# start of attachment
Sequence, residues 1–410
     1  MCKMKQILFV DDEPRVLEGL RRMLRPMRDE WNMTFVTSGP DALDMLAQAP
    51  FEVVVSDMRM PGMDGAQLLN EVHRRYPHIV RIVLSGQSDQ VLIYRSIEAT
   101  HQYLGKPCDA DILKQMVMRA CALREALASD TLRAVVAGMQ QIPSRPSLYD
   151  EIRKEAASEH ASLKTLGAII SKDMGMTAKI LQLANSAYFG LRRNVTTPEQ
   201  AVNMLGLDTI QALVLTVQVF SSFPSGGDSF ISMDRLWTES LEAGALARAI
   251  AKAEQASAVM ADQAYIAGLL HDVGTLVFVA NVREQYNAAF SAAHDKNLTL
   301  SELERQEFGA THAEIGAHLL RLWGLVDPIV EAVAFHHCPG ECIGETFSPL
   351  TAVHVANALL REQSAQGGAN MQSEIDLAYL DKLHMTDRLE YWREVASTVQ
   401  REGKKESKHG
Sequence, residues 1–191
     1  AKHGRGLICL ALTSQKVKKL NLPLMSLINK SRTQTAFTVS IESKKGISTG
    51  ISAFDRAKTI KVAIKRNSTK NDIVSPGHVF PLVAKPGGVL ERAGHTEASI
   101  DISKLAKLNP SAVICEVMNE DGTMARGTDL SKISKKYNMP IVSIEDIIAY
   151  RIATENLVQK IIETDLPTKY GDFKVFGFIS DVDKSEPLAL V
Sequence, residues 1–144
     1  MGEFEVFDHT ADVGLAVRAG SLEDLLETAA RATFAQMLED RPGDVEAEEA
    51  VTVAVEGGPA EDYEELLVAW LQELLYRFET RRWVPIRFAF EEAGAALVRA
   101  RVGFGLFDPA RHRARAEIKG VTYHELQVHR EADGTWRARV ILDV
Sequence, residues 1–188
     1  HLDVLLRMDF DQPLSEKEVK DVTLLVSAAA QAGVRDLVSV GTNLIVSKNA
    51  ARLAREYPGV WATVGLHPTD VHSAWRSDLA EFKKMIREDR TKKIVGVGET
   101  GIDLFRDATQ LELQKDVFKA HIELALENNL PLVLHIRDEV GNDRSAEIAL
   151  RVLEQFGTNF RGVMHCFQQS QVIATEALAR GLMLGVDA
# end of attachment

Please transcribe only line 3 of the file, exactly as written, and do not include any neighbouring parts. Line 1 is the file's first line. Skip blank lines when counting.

    51  FEVVVSDMRM PGMDGAQLLN EVHRRYPHIV RIVLSGQSDQ VLIYRSIEAT